Learn everything you need to about spring ring clasps to help you make an informed decision. This post covers the construction, the benefits, and tips for the proper care and usage.
Spring rings are one of the most common types of clasps used in jewelry making. You’ll find them on everything from chains to beaded designs to pendants strung on cord or silk. How do you know if it’s the right clasp for your design? We’ll go through the ins and outs of a spring ring, discussing how they’re made, the benefits, and proper usage and care so you can get the most out of your clasp.
Spring Ring Construction
First up – construction! To know if a spring ring is the right option, first, we must understand how they’re made. This includes the parts to a whole, assay considerations, and plating and after-market treatments.
Construction of a Spring Ring
Spring rings include three components – the tube, the spring, and the trigger. The spring and trigger are loaded into a hollow tube and when you pull the trigger, it compresses the spring - opening the clasp! Pretty straightforward once you can see the insides. When the clasp closes, the trigger slides into the tube, ensuring a secure closure.
The Magnet Test
Spring ring hollow tubing and trigger wires are made from the primary material metal; usually sterling silver, 14k gold, or gold-filled. However, the coiled spring is always made out of steel. You will notice in the deconstructed spring ring photos that the spring is a darker metallic material. This is because a precious metal spring would quickly lose its tensile strength with repeated use and would stop functioning. Steel springs maintain this important tensile strength "springy" property for lifetime use. The Federal Trade Commission (FTC) regulates jewelry industry practices. They allow certain key jewelry components to contain steel mechanisms because of the necessity for tensile strength. These components include clasp springs, hinge pins in items like leverback earring findings, and the glass-face holding bezels for lockets or watches. These particular findings may be magnetic because of the small steel components even though the main body of these items is made from precious metal. You may notice a stronger magnetic pull on the findings when you are near the steel mechanism component.
The introduction of steel into a clasp will affect the piece’s assay. What’s assay? Assay is a lab test used to determine the compositional breakdown of your piece to verify precious metal purity. For example, sterling silver is 92.5% fine silver, and 7.5% copper. With the addition of the steel spring, we’ve increased the weight of the piece with a new material, thus decreasing its purity. BUT, we want that steel spring in there because silver and gold don’t have the strength to act as springs, as mentioned above. The effect on assay is just something to keep in the back of your mind when using a spring ring, or any clasp that uses a steel spring – like a lobster clasp. If you are ordering quality control lab tests on your materials, you should always either remove clasps that contain steel springs or notify your lab tech that your testing sample may include clasp springs that should be taken out before analysis.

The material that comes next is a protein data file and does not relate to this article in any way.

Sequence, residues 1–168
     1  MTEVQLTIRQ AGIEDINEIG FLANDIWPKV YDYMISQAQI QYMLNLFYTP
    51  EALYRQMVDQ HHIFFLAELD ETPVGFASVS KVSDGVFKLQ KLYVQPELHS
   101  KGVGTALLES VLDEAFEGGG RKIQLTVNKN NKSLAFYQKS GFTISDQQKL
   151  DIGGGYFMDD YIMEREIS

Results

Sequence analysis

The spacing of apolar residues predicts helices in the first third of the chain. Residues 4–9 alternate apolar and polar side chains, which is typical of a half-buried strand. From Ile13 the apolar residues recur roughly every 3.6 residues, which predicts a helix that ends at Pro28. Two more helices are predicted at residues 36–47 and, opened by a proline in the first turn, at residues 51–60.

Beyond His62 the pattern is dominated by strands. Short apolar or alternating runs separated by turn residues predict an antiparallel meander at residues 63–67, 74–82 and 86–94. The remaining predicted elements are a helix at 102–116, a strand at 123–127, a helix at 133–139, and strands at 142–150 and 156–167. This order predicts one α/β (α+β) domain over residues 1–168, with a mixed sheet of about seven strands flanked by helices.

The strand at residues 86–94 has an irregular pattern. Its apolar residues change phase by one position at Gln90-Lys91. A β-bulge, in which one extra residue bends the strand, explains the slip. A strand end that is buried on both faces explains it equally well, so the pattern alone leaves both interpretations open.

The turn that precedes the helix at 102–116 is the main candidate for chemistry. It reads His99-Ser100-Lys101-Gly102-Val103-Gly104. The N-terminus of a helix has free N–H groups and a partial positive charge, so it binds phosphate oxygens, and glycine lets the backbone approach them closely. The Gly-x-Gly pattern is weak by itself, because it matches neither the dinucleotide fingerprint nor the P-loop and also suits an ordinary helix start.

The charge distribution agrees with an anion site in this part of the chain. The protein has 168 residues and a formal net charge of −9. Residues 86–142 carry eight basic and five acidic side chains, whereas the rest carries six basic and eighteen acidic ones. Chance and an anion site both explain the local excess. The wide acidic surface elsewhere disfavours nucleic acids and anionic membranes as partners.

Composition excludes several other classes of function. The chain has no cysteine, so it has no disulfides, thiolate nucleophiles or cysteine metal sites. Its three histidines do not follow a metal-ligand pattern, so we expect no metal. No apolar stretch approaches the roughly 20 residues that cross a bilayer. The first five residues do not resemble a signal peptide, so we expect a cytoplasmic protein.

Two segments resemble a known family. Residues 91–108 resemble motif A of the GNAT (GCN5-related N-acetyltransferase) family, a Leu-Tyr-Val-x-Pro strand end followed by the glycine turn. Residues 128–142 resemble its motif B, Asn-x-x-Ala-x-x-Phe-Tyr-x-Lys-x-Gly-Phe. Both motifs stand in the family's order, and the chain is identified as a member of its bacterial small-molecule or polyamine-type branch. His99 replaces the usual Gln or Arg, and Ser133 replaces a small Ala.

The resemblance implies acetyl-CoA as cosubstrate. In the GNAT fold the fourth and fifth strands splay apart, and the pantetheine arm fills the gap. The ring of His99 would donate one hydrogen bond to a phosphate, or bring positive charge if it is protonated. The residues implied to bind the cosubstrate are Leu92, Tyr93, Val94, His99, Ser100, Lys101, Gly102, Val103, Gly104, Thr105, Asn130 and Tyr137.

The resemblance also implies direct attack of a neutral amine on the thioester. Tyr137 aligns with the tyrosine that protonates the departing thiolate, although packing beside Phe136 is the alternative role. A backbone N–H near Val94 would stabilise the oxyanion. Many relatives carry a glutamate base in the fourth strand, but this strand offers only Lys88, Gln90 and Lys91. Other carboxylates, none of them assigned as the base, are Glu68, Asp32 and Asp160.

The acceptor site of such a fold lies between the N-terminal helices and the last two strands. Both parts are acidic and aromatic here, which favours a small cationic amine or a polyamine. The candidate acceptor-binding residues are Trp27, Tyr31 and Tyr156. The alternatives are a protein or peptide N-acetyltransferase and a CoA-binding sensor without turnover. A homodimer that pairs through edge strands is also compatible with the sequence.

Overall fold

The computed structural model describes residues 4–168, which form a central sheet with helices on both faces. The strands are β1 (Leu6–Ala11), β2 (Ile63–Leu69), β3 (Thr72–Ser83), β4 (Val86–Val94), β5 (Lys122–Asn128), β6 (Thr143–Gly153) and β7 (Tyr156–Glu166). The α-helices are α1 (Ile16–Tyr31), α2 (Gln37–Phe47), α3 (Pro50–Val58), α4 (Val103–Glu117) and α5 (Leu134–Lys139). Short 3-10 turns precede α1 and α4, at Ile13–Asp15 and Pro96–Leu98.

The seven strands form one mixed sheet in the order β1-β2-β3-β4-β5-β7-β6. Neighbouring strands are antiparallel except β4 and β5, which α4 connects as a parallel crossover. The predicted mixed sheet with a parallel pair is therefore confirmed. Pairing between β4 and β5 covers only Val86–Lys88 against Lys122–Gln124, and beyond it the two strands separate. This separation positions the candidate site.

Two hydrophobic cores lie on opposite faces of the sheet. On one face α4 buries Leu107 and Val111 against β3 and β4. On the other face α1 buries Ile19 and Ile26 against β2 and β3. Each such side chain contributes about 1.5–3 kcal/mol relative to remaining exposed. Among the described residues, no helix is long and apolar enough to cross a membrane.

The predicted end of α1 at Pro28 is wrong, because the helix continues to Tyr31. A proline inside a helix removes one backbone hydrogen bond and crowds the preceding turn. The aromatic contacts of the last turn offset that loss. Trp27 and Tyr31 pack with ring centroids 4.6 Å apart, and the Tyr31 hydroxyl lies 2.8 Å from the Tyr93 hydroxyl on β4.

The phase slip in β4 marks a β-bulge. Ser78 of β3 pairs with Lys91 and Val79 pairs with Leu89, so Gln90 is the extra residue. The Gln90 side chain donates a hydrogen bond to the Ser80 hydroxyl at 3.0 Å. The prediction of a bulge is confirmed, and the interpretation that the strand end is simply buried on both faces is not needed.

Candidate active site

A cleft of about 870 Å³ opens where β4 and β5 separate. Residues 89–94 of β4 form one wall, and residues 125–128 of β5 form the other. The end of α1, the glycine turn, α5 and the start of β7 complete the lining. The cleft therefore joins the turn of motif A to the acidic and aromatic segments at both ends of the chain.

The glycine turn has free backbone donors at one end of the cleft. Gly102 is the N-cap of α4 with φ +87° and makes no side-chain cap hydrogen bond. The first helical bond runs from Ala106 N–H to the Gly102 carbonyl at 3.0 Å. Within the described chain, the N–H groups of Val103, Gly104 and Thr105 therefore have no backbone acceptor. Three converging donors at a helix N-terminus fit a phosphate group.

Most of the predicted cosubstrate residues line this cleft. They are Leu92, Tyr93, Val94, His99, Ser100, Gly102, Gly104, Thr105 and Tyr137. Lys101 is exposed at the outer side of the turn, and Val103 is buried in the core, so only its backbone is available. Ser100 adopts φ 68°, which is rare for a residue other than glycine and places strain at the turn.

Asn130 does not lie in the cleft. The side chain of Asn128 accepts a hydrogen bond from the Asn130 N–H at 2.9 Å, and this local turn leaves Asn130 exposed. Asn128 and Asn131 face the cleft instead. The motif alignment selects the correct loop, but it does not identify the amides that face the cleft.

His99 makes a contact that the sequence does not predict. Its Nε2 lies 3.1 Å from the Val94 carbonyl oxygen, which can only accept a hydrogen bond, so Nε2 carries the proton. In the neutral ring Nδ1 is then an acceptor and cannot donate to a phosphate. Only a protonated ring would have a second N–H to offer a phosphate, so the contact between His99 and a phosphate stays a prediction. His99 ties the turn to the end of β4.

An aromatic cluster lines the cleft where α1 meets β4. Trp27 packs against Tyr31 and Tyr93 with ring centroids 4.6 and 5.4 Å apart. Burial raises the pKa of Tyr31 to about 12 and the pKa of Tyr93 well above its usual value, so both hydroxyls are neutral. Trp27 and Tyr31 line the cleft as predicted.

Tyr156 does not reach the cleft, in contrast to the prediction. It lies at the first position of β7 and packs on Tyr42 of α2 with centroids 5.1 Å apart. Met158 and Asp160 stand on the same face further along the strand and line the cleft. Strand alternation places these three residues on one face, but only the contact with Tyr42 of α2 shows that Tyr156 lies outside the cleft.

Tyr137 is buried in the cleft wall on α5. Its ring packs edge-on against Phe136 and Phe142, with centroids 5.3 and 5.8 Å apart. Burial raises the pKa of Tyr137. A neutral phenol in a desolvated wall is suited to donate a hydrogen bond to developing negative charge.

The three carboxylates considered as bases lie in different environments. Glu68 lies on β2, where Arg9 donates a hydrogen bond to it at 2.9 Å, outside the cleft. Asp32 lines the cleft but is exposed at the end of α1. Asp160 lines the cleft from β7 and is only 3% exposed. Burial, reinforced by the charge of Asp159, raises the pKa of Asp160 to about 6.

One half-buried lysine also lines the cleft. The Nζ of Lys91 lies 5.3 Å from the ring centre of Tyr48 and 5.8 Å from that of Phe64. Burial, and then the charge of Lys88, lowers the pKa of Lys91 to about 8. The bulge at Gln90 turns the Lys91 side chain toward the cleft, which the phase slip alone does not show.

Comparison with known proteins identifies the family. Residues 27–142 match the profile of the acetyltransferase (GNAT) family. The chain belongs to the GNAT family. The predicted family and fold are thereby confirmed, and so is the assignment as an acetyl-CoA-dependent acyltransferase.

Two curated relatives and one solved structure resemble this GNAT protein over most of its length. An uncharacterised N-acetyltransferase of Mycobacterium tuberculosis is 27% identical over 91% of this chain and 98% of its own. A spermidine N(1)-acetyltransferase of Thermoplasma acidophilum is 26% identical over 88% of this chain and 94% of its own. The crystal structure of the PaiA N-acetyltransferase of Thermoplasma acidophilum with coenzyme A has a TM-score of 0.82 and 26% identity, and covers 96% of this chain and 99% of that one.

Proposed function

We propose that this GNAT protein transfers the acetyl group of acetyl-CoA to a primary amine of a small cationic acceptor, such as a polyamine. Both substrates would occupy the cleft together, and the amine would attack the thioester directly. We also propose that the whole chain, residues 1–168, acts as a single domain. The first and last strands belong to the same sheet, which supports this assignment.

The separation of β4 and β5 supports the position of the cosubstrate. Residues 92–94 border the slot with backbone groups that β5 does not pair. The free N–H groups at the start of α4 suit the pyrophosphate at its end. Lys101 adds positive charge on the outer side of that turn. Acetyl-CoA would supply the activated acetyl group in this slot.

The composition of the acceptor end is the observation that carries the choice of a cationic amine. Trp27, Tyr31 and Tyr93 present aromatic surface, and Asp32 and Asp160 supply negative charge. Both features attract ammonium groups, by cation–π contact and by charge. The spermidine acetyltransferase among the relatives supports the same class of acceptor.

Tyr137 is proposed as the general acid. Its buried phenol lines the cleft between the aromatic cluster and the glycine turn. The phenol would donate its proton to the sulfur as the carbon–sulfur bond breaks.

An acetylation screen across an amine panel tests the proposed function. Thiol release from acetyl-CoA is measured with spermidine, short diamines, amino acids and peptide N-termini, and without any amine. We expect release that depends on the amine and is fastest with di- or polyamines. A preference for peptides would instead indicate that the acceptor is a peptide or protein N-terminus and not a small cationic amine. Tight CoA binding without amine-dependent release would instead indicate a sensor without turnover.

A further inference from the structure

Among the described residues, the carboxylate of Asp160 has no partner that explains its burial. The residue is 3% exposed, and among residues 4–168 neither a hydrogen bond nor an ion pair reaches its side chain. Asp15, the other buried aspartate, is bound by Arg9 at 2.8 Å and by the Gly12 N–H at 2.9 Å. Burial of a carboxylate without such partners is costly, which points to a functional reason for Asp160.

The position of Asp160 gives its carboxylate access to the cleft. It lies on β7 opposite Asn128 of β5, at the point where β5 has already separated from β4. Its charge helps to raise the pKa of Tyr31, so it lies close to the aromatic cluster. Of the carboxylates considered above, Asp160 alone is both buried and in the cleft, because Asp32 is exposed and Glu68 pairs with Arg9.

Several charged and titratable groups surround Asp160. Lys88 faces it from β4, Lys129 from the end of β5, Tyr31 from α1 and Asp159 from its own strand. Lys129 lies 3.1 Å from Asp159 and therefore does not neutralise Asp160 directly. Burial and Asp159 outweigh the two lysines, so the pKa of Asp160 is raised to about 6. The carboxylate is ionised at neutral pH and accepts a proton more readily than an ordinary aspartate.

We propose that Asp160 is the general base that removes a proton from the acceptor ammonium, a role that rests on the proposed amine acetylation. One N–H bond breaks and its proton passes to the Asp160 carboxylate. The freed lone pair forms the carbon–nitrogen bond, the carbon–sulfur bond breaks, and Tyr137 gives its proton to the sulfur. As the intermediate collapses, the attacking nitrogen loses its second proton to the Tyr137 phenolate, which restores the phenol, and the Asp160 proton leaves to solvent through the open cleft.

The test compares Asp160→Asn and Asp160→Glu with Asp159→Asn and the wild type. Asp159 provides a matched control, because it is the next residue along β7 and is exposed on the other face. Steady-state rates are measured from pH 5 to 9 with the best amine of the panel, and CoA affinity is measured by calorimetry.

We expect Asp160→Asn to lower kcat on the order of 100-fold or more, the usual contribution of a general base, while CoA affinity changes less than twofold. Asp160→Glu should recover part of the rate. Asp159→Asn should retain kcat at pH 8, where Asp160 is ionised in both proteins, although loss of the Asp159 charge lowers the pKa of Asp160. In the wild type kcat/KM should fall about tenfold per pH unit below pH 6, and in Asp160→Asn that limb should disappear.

Plating and Treatments
Most spring rings are flash plated. That means they get plated in the finishing phase of manufacturing to make them clean and shiny. For many chain and findings items, it is more efficient to flash plate to achieve a bright finish instead of polishing or tumbling. Often, they’re also treated with an anti-tarnish solution that helps slow down the normal silver tarnishing process. This ensures your clasp looks good for a long time.
Priming Your Spring Rings - IMPORTANT!
Because of plating and anti-tarnish treatments, your first few uses of a spring ring trigger can be a little sticky – you may have to break through the plating and anti-tarnish surface treatments to loosen the trigger action. Don’t be concerned, this is normal for spring rings and is part of the economy experience, and why they are so affordable. However, once you have used the clasp a few times, the movement will be nice and smooth. If you notice the trigger isn’t working properly, we recommend opening and closing the spring ring about 4-6 times to clear the tubing of any obstructions from the manufacturing process. You’re going to want to keep this concept in mind if you add any coatings or patinas as well. Anything can get into that mechanism and gum it up. If it’s something you are especially concerned about, consider a switch to lobster clasps.
Spring Ring Clasp Benefits
Now that we’ve got some of the technical stuff covered – let’s talk about why we love spring rings! There are two big things that make these little clasps so popular. They’re affordable and come in different sizes and material varieties.